A roundup of all the research reveals this shopping season will break records and maybe break the bank.

2 minute read

Back-to-school shopping is back, and it’s quite literally bigger than ever.

While we’re still in the midst of this intense shopping season, pollsters and economists are right now making predictions and crunching the numbers. They’ve already learned some fascinating – and expensive – lessons…

1. Many parents will go into debt for back-to-school shopping…

A third of parents will spend so much on back-to-school shopping, they won’t be able to afford it.

Here’s the scariest stat from a poll released this week by LendingTree, an online lending marketplace: “1 in 3 parents of school-age children expect to go into debt when shopping for back-to-school.”

Even scarier: The number keeps steadily going up. While it was 33 percent this year, it was 30 percent in 2020 and 26 percent in 2019.

2. …but parents are feeling more confident anyway 

Maybe parents are overspending on back-to-school shopping because they feel good about making up the money in a hot economy. Accounting firm Deloitte’s 2021 Back-to-School survey concluded parents feel “55 percent more confident about the economy’s prospects” than last year. To put that in perspective, only 17 percent of respondents said the same last year.

More than 3 in 4 (78 percent) told Deloitte’s pollsters their “household financial situation is in similar or better shape than last year.”

This could be contributing to an increase in spending. Like the previously mentioned survey, more (40 percent) Americans than last year (22 percent) expect to spend more money on back-to-school supplies for their kids.

3. Pent-up demand means record-high spending

Many people have never heard of the National Retail Federation, but the NRF is renowned for correctly estimating how much Americans will spend during various holiday seasons. Back-to-school shopping is no different. The NRF has been doing it since 2003, and its most recent back-to-school study surveyed 7,700 Americans – and it shows “record levels” of spending.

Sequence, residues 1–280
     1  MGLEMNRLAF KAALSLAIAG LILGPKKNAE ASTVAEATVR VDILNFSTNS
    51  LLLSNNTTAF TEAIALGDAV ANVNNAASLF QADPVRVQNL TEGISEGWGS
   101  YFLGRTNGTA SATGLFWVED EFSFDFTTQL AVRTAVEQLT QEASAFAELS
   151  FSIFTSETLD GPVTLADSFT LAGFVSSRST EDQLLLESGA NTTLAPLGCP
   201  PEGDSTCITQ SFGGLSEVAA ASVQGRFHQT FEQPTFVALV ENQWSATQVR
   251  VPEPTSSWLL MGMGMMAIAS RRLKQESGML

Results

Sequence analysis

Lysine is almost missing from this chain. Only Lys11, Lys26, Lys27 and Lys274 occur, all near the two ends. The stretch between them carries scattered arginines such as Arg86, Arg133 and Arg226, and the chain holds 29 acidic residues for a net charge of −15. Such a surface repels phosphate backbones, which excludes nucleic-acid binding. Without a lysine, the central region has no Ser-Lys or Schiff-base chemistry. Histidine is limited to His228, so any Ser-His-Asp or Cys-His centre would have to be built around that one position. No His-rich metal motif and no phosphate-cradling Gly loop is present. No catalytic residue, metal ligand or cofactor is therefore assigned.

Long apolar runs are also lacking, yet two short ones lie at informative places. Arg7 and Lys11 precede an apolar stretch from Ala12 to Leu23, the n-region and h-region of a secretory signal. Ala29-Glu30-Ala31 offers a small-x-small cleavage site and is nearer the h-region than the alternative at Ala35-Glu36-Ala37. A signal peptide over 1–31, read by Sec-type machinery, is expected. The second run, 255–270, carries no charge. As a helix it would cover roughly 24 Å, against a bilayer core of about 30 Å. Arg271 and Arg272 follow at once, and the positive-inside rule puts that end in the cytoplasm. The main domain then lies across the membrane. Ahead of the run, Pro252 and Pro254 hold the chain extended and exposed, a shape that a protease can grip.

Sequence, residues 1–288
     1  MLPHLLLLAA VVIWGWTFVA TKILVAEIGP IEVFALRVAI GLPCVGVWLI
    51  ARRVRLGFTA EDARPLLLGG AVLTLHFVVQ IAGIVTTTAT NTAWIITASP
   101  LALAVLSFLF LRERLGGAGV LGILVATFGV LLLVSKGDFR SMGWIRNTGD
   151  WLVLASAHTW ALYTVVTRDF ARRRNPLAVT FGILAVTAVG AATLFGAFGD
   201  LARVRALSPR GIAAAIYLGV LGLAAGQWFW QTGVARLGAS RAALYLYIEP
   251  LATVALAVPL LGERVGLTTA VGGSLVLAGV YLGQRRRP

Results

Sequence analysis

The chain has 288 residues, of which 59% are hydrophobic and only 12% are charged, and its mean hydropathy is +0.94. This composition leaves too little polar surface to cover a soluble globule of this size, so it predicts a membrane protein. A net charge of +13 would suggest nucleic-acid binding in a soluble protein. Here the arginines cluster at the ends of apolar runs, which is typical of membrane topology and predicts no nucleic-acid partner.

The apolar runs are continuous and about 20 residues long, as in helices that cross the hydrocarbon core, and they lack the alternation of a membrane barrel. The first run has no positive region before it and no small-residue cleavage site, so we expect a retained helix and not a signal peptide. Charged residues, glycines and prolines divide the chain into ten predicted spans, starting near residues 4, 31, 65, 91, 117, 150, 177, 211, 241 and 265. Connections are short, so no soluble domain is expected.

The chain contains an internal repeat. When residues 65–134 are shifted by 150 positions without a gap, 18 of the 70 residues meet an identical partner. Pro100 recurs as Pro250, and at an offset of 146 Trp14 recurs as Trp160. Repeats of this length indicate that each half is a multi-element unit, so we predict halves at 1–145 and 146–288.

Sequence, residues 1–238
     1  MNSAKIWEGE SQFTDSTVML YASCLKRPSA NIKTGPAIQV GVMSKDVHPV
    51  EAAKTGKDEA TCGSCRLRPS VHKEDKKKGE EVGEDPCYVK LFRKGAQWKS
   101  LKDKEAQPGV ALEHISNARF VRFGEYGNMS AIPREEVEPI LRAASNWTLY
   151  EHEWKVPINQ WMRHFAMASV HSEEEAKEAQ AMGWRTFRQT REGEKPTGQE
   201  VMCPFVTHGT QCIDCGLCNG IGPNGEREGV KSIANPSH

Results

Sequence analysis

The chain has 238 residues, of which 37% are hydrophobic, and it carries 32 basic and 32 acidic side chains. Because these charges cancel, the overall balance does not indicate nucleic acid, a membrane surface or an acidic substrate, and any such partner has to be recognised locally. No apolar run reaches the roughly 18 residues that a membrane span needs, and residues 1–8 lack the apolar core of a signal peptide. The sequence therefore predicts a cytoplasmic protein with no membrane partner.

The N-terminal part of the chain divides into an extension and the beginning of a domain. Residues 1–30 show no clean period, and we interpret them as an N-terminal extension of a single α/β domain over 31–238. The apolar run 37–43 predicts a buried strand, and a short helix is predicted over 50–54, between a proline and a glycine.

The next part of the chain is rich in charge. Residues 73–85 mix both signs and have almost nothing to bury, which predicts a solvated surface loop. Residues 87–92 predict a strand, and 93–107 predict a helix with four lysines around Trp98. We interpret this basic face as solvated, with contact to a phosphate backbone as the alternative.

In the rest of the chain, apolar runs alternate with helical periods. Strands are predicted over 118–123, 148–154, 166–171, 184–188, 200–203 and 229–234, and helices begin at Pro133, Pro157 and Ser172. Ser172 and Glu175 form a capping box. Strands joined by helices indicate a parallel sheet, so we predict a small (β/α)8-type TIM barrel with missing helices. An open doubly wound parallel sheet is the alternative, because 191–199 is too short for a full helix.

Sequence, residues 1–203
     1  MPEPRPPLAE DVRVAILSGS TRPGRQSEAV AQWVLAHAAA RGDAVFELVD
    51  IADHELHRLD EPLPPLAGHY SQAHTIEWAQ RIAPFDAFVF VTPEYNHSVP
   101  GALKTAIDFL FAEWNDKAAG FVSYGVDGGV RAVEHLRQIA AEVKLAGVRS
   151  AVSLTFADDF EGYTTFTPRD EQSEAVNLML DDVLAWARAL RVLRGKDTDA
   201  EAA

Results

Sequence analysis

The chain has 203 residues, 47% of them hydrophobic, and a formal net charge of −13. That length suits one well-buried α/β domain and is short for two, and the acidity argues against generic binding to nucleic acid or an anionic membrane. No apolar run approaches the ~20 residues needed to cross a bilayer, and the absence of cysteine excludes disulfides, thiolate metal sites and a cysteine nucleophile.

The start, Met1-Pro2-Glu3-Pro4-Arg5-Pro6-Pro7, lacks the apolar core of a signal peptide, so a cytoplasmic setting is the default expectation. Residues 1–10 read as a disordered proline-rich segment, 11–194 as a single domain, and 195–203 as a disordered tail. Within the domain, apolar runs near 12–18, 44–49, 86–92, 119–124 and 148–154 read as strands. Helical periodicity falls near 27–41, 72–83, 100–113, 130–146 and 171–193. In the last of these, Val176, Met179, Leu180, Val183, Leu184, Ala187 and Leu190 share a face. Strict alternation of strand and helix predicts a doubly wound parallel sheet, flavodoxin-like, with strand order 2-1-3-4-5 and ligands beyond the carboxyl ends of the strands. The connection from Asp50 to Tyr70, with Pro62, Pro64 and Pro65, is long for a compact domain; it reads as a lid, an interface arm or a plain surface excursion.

Parents will spend an average of $849 this month. That’s up $60 from the same time last year.

4. Clothing matters more than technology

In years past, the NRF has reported that technology items were the most common – and most expensive – purchases for back-to-school season. But a new poll this week from Debt.com says clothes will top the shopping list.

When asked what they’ll spend money on, more than 60 percent said clothing. That eclipsed technology (just over 20 percent) and traditional school supplies (less than 20 percent).

What it all means

Research can tell you numbers, but conclusions require experts. Here’s how one financial veteran interprets all this data.

“When you take all these surveys as a whole, you realize that the pandemic didn’t change how we spend on back-to-school shopping, but it did affect what items we’re buying,” says Howard Dvorkin, chairman of Debt.com, the nation’s largest debt-solutions provider.

Dvorkin notes that back-to-school spending increased during the pandemic, even as other research showed Americans cut back on other categories. He has a simple explanation for that: “As a parent myself, I’m willing to sacrifice for my children. So it’s no surprise parents cut down on spending for themselves but splurged on their kids.”

That also explains why clothing is the hot item this year.

“What parent wants to send their children to school in clothes that have been beat up around the house for two years?” Dvorkin says with a grin.

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About the Author

Joe Pye

Joe Pye

Joe Pye started writing about debt and personal finance five years ago while attending Florida Atlantic University, where he served as Editor-in-Chief of the student-run newspaper, the University Press. Before graduating with a bachelor's degree in multimedia journalism, Pye placed as a finalist for the Mark of Excellence award by the Society of Professional Journalists Region 3 for feature writing and in-depth reporting. In 2021, Pye earned First Place in the Green Eyeshade awards for "Best Blog" for his side-project BrowardBeer.com. Since taking a full-time position as associate editor at Debt.com in 2018, Pye has become a certified debt management professional who's applied what he's learned to his personal life by paying down more than $22,000 worth of combined credit card, student loan, auto and tax debt in less than two years.

Published by Debt.com, LLC